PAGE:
Climb Ev’ry Mountain

February 14, 2007

As a kid, I always watched the end of The Sound of Music and thought, “Damn, those Von Trapps were a sturdy bunch” as they climbed to freedom over the mountains of Austria. Coming from Miami, it’s hard to picture scaling anything that high, but today, I felt like the 8th Von Trapp child.

We’re in Sapa, a slice of heaven in Vietnam’s Northwest. Used as a hill station by the French, it now draws thousands of travelers with its stunning mountain scenery and colorful hilltribe population. Trekking here is big; in fact, other than the famous Saturday market, that’s really all there is to do.

I had my reservations about a Sapa trek for the following reasons:

1) Trekking, in general, seemed a distasteful endeavor. Going to hilltribe villages, gawking at their ethnic costumes and wooden huts, snapping photos as if they were animals in a zoo, clucking over the poverty then moving on.

2) Sapa in February is rainy and foggy, with temperatures often in the 30s. The heaviest piece of clothing that I brought was a cotton pullover.

3) I’m a wimp. Steep hills? No. Jumping across rivers via rocks in the water? Ha! Last, and certainly not least, homestaying in one of the hilltribe villages, where I was pretty sure we wouldn’t be provided with mini-bottles of shampoo.

I’m sure you can figure out how this ended: I had a great time.

Rice paddiesFirst, walking through the mountains of Sapa is like walking on a bridge through the clouds. Fog rolls in and out at lightning speed; it recedes and reveals colorful swatches of the town, yet thirty seconds later, you can’t see as far as the trees in front of you. The scenery, though, made me pause, shake my head, and wonder if I was dreaming. Terraced rice fields snake down the steep valleys, creating the illusion of swirling rock. They are even like ripples, and at the same time, chaotic like stalagmites. The weather was cool and mostly clear, punctuated by refreshing, warm winds.

The trek went mostly downhill, easy on the lungs, hard on the knees. We were endlessly followed by women and girls from the Black H’mong tribe, named for the predominant color of their clothes, black. Other characteristics of the Black H’mong women are their long hair that they wrap around their heads, the heavy, silver hoops weighing down their earlobes, and colorful embroidery that dons the sleeves, belts, and purses that they wear. They are smiling and friendly, and avid saleswomen of their handicrafts, which they never let us forget.

Down in the valley, we passed through a village called Lao Chai. As expected, theSapa school poverty humbled. Dark and dirty huts, a bare-boned schoolroom with only tables and a chalk board, clothes on lines, dusty and old. Our guide told us the situation had gotten better in recent years: many villages could now grow rice, whereas their main food source in the past had been only corn and cassava.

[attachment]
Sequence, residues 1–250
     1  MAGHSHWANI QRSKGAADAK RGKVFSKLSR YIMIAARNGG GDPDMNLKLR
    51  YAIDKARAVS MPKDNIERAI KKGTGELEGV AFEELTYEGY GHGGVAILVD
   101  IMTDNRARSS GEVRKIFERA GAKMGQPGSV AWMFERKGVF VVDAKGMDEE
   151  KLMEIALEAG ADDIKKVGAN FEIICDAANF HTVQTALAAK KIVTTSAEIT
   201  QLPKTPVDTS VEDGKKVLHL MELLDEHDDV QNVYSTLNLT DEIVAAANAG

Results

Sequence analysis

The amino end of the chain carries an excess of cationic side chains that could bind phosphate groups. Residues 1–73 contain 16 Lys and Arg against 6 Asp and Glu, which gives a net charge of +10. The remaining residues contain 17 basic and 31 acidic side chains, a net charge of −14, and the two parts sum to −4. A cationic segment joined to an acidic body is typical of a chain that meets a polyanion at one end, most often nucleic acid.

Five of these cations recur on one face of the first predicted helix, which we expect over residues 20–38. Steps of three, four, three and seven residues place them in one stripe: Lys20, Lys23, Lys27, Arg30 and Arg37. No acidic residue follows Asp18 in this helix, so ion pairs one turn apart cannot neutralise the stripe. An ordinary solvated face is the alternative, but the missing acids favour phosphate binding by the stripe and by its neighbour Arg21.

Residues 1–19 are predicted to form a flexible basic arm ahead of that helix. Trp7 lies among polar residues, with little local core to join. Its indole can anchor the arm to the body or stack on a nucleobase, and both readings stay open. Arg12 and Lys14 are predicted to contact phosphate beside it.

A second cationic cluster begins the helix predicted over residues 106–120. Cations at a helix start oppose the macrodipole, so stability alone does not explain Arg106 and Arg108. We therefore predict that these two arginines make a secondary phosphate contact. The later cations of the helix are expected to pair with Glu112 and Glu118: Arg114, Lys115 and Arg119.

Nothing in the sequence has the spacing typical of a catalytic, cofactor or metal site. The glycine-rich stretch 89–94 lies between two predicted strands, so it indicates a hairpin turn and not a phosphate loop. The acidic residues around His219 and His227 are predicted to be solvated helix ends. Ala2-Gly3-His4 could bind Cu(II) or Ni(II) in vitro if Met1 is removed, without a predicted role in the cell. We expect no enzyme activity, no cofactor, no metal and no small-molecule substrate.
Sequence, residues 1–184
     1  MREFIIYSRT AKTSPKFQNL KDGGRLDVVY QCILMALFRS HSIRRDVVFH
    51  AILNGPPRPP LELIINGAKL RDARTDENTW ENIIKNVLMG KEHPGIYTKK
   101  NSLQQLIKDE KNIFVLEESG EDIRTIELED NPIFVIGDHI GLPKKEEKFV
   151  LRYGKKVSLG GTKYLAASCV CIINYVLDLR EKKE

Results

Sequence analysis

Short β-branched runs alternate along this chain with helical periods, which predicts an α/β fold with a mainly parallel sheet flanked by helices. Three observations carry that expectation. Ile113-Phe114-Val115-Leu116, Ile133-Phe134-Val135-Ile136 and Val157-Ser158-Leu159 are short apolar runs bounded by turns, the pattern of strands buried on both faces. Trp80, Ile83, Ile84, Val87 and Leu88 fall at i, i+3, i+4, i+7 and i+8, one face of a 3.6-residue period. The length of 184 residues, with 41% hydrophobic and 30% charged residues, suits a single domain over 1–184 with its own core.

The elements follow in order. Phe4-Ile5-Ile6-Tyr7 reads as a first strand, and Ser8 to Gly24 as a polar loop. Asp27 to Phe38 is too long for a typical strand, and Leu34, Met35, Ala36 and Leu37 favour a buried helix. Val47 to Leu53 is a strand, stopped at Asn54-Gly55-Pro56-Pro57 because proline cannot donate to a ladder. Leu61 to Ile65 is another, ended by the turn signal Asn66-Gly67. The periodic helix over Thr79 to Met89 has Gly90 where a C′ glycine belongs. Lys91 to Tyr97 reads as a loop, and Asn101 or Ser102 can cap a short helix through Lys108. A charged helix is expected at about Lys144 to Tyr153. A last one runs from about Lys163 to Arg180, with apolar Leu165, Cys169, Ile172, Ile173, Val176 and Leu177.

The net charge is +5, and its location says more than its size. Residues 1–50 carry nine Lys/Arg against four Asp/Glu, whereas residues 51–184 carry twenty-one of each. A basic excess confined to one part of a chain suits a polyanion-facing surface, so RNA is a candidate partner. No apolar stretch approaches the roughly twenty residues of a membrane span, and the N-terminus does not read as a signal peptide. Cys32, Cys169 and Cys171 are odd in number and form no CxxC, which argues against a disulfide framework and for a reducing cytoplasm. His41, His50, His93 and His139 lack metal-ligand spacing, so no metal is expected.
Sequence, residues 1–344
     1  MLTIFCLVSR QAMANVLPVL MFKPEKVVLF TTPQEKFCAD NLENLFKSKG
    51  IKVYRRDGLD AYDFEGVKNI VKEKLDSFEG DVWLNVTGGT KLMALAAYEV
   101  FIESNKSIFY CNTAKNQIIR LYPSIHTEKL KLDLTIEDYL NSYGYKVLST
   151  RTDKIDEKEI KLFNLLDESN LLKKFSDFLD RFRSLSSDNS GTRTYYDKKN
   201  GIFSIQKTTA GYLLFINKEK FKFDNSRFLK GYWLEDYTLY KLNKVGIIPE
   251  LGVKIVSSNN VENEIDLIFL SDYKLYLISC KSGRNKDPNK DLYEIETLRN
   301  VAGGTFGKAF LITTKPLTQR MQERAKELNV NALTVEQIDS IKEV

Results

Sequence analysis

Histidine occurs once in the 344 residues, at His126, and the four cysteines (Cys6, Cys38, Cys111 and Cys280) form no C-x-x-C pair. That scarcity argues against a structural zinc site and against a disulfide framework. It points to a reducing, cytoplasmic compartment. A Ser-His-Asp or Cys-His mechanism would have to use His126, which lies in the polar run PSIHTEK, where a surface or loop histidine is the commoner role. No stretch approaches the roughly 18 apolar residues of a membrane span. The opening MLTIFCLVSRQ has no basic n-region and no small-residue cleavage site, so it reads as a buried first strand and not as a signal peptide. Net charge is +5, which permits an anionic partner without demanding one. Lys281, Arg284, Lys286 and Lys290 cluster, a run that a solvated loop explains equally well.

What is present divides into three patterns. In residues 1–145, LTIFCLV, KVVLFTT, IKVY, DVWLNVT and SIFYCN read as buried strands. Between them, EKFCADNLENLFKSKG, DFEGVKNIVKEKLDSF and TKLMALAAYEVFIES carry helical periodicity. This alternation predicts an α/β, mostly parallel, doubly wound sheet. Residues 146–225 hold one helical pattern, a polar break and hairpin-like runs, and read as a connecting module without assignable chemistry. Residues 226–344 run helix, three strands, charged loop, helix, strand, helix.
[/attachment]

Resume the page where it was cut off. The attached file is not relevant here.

In this respect, I was able to see the value of trekking and tourism in these villages. We stayed in the village of Ta Van, which was very different from Lao Chai. Most host families had sparkling new toilets and hot-shower facilities for us. They had color TVs and DVD players and a few pieces of nice furniture. The clothes hanging on the line were colorful and new. I’m sure our host family could by no means be called rich, or even well-off, but our presence at least raised the standard of living somewhat in Ta Van. I was also pleased to see signs throughout the village communicating the rules: no taking photos or entering houses without permission, no drinking or gambling, no walking around the village after 10 p.m. We were encouraged to purchase handicrafts directly through the villagers, as opposed to the Sapa markets and boutiques. This way, the village retains the economic benefits of their handiwork, rather than splitting the profit margin with already wealthy shop-owners in town.

Perhaps because our host family welcomes a new group of guests in every night, they were indifferent about us. No one spoke a word. The kids walked by us as if we were ghosts. We ate dinner together; they spent the whole time watching a Vietnamese soap opera on TV. Oh, well. Outside, they kept several pigs, cows, water buffalo, and chicken. The smell of poop was so pungent it made my nostrils pickle every time I walked by. Once the family jetted out of the living room after dinner, we sat around drinking homemade rice vodka and eating Oreos. We slept in the second story loft, on cushy futons and thick blankets. Certainly, this couldn’t be called an authentic experience, but it was an interesting change from drab guesthouses nonetheless.

Best of all, I finished the trek with flying colors. No whining and crying this time. The steep hills, the muddy rice fields, the rocky streams, I took them all with gusto. My calves and glutes hurt, but I felt like I’d accomplished something.

Sapa ValleyAfter our trek, they drove us back into town. I saw the mountains and valleys that I’d crossed on foot and thought, “You ain’t got nothing on me, Von Trapps.”

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2 Responses to “Climb Ev’ry Mountain”

  1. Tammie said

    I am so proud of you, trekking through the mtns! I have a new found respect for your calves!

    The picture you portrayed of the scenery sounds so beautiful. Even though I’m not there with you, I feel like I am….

    Can’t wait for more!

  2. Jessi said

    It was beautiful and I think that’s why I had such a great time. We also went trekking yesterday in a humid jungle. There were stairs and, for all intents and purposes, it was an easier trek, but I didn’t enjoy it that much. The scenery is what makes the trek.

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